Document Detail


Effects of a physiological GH pulse on interstitial glycerol in abdominal and femoral adipose tissue.
MedLine Citation:
PMID:  10567011     Owner:  NLM     Status:  MEDLINE    
Abstract/OtherAbstract:
Physiologically, growth hormone (GH) is secreted in pulses with episodic bursts shortly after the onset of sleep and postprandially. Such pulses increase circulating levels of free fatty acid and glycerol. We tested whether small GH pulses have detectable effects on intercellular glycerol concentrations in adipose tissue, and whether there would be regional differences between femoral and abdominal subcutaneous fat, by employing microdialysis for 6 h after administration of GH (200 microgram) or saline intravenously. Subcutaneous adipose tissue blood flow (ATBF) was measured by the local Xenon washout method. Baseline of interstitial glycerol was higher in adipose tissue than in blood [220 +/- 12 (abdominal) vs. 38 +/- 2 (blood) micromol/l, P < 0.0005; 149 +/- 9 (femoral) vs. 38 +/- 2 (blood) micromol/l, P < 0.0005] and higher in abdominal adipose tissue compared with femoral adipose tissue (P < 0.0005). Administration of GH induced an increase in interstitial glycerol in both abdominal and femoral adipose tissue (ANOVA: abdominal, P = 0. 04; femoral, P = 0.03). There was no overall difference in the response to GH in the two regions during the study period as a whole (ANOVA: P = 0.5), but during peak stimulation of lipolysis abdominal adipose tissue was, in absolute but not in relative terms, stimulated more markedly than femoral adipose tissue (ANOVA: P = 0. 03 from 45 to 225 min). Peak interstitial glycerol values of 253 +/- 37 and 336 +/- 74 micromol/l were seen after 135 and 165 min in femoral and abdominal adipose tissue, respectively. ATBF was not statistically different in the two situations (ANOVA: P = 0.7). In conclusion, we have shown that a physiological pulse of GH increases interstitial glycerol concentrations in both femoral and abdominal adipose tissue, indicating activated lipolysis. The peak glycerol increments after GH were higher in abdominal adipose tissue, perhaps due to a higher basal rate of lipolysis in this region.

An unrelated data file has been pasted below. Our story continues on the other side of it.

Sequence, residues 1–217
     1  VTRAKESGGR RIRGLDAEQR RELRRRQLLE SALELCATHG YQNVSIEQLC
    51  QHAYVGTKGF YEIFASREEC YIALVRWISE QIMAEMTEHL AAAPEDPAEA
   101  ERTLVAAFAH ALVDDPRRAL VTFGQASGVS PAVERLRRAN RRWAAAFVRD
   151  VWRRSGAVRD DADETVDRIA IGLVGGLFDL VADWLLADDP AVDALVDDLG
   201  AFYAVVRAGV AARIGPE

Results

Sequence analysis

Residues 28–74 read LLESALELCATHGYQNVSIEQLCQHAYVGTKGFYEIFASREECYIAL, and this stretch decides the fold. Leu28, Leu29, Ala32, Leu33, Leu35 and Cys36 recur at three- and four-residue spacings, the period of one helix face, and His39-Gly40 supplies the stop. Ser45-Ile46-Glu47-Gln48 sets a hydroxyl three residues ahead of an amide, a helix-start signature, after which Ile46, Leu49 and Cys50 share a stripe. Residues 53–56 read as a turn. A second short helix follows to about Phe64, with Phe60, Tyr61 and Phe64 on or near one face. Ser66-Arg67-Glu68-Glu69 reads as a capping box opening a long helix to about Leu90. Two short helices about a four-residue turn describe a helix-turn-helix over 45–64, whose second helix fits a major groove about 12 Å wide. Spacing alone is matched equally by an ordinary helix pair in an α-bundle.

Authors:
C H Gravhølt; O Schmitz; L Simonsen; J Bülow; J S Christiansen; N Møller
Publication Detail:
Type:  Clinical Trial; Journal Article; Research Support, Non-U.S. Gov't    
Journal Detail:
Title:  The American journal of physiology     Volume:  277     ISSN:  0002-9513     ISO Abbreviation:  Am. J. Physiol.     Publication Date:  1999 Nov 
Date Detail:
Created Date:  1999-12-14     Completed Date:  1999-12-14     Revised Date:  2006-11-15    
Medline Journal Info:
Nlm Unique ID:  0370511     Medline TA:  Am J Physiol     Country:  UNITED STATES    
Other Details:
Languages:  eng     Pagination:  E848-54     Citation Subset:  IM    
Affiliation:
Department of Endocrinology M and Medical Research Laboratories, Arhus University Hospital, DK-8000 Aarhus C, Denmark. ch.gravholt@dadlnet.dk
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MeSH Terms
Descriptor/Qualifier:
Abdomen
Adipose Tissue / chemistry,  drug effects,  metabolism*
Adult
Alanine / blood
Blood Glucose
Energy Metabolism / drug effects
Extracellular Space / chemistry,  metabolism
Fatty Acids, Nonesterified / blood
Femur
Glycerol / analysis,  metabolism*
Human Growth Hormone / administration & dosage*,  blood
Humans
Lactic Acid / blood
Lipolysis / drug effects*
Male
Pulse Therapy, Drug
Thigh
Chemical
Reg. No./Substance:
0/Blood Glucose; 0/Fatty Acids, Nonesterified; 12629-01-5/Human Growth Hormone; 50-21-5/Lactic Acid; 56-41-7/Alanine; 56-81-5/Glycerol

From MEDLINE®/PubMed®, a database of the U.S. National Library of Medicine


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